1. 6

                              You’re absolutely correct. I really dislike the way “waterfall” is used left and right these days to describe how things were, because it’s inaccurate: the term waterfall was coined as a description of something that should be avoided. It was an observation of a failing development model, never did its author recommend it as a practice.

                              1. 4

                                I suspect authors use the “Waterfall” canard as both a rhetorical tool to bolster their claims and just to be lazy. Getting the nuance of the evolution of software development right is tough, and it’s especially tough to distill it down to a paragraph with reasonable accuracy.

                                I’d be a lot happier if it was just left out of these kinds of pieces, even when they say useful things (like I think this article does). You are absolutely correct: this characterization of software practices is more or less historical negationism.

                              1. 19

                                I’m deep diving c2 and it’s a mindbending mix of primary-source history, paradigm archaeology, elitist flamewars, and utter crackpottery. This is a proto “falsehoods programmers believe about X” I found in a tangent of a tangent of an argument on whether OOP or databases were better. Because those two things are apparently incompatible.

                                The linked article is pretty great though!

                                1. 16

                                  “I’m deeping diving c2 and it’s a mindbending mix of primary-source history, paradigm archaeology, elitist flamewars, and utter crackpottery.”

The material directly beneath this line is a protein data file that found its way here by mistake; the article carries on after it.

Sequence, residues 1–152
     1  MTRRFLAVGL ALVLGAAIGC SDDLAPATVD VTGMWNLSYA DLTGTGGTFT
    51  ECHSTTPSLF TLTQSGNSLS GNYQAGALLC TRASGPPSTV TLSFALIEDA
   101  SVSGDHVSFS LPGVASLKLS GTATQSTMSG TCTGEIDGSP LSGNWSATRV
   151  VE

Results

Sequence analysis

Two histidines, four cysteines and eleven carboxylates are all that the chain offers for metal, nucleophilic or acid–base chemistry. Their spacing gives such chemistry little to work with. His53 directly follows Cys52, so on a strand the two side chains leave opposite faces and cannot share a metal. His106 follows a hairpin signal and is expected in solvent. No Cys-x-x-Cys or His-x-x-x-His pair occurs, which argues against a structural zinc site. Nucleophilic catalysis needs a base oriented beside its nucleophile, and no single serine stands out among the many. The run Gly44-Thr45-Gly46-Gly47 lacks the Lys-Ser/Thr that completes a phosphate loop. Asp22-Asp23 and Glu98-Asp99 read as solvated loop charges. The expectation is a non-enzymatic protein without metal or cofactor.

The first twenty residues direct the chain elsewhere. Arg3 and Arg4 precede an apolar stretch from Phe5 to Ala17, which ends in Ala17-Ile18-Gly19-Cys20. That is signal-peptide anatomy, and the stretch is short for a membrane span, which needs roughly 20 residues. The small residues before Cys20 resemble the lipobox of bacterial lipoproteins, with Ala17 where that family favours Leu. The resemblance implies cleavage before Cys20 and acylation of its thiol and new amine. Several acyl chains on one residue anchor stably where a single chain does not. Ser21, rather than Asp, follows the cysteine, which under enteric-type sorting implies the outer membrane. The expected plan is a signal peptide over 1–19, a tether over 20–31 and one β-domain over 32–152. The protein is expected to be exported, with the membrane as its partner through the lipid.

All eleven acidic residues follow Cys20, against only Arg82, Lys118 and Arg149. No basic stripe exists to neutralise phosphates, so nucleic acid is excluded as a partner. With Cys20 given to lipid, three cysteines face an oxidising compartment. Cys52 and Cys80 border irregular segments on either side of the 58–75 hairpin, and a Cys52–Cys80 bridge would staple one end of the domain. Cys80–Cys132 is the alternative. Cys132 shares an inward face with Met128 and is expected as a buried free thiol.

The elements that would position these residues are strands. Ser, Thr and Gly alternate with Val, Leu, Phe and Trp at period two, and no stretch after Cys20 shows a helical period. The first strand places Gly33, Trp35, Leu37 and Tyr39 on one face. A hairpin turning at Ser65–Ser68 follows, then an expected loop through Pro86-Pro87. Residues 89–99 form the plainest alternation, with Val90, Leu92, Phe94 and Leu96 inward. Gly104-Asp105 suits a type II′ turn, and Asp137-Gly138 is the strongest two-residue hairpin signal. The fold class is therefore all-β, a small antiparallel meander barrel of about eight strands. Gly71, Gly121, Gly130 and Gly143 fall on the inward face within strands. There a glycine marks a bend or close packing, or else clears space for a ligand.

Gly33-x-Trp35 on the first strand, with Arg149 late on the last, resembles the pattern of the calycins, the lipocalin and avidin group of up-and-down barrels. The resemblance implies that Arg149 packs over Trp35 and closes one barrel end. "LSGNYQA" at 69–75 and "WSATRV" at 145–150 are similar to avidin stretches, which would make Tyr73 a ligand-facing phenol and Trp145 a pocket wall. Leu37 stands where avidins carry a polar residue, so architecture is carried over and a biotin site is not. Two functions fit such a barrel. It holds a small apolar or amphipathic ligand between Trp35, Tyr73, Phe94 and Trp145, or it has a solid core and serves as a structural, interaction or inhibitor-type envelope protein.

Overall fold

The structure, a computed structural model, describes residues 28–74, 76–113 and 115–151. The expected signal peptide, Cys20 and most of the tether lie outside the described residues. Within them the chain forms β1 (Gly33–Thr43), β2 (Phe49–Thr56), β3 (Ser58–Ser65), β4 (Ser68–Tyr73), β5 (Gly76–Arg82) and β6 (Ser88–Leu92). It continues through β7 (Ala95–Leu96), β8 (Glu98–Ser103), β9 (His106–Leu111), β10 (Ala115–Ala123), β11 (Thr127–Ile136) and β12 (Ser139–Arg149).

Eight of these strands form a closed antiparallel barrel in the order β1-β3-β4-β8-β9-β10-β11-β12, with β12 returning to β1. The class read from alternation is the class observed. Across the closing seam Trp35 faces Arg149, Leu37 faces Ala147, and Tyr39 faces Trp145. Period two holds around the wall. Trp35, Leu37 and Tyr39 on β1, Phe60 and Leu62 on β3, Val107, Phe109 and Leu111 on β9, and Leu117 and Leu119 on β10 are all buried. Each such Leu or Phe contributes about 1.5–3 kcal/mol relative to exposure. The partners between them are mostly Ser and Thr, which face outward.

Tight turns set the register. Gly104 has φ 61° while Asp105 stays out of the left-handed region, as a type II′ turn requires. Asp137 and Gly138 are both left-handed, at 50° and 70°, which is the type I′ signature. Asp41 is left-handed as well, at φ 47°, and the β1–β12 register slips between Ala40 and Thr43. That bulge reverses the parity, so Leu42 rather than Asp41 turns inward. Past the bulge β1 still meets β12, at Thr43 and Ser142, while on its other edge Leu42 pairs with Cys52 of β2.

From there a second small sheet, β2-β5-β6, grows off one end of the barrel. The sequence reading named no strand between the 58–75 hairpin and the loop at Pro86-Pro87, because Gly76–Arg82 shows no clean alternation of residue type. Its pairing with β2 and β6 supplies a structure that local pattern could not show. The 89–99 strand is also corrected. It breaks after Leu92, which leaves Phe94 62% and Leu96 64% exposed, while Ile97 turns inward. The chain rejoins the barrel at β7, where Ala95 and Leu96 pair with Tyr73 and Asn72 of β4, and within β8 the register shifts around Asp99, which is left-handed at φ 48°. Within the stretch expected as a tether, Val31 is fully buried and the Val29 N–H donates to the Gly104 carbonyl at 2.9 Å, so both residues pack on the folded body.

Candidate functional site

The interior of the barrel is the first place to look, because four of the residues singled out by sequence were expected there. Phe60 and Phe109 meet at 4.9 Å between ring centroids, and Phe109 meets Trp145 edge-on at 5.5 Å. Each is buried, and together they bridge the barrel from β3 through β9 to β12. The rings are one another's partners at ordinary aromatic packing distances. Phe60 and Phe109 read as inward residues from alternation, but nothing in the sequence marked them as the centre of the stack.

Those were heady times, but threads on lobste.rs are going to appear much the same in 20 years.

                                  One of my favorite things is to go to used book stores and flip through print books and magazines from 20-60 years ago. You get the sense of life of an era. You see misplaced passionate certainty, and then you look at us and you have a chance to imagine what the future will think.

                                  1. 4

                                    I discovered it shortly before they shut down comments from new folks. c2 is awesome. I recommend digging through it all. :)

                                    1. 3

                                      …it’s a mindbending mix of primary-source history, paradigm archaeology, elitist flamewars, and utter crackpottery.

                                      Ah yes. Good thing none of those has ever showed up on Lobsters. /s

                                      …an argument on whether OOP or databases were better. Because those two things are apparently incompatible.

                                      They actually are.

                                      1. 2

                                        A mismatch doesn’t equal incompatible. My work handles lots of data that absolutely should be in a relational database and it’s worth any additional friction it might cause is a reasonable trade-off for other benefits (reporting, sane modelling, etc).

                                        1. 2

                                          I don’t think I’ve seen anybody on lobsters (yet!) claim that they solved the halting problem.

                                          1. 1

                                            …that happened?

                                        2. 2

                                          …and it’s a mindbending mix of primary-source history, paradigm archaeology, elitist flamewars, and utter crackpottery.

                                          I find the same phenomenon in books about “programming your microcomputer” from the 70s and 80s, especially the crackpottery.

                                          1. 1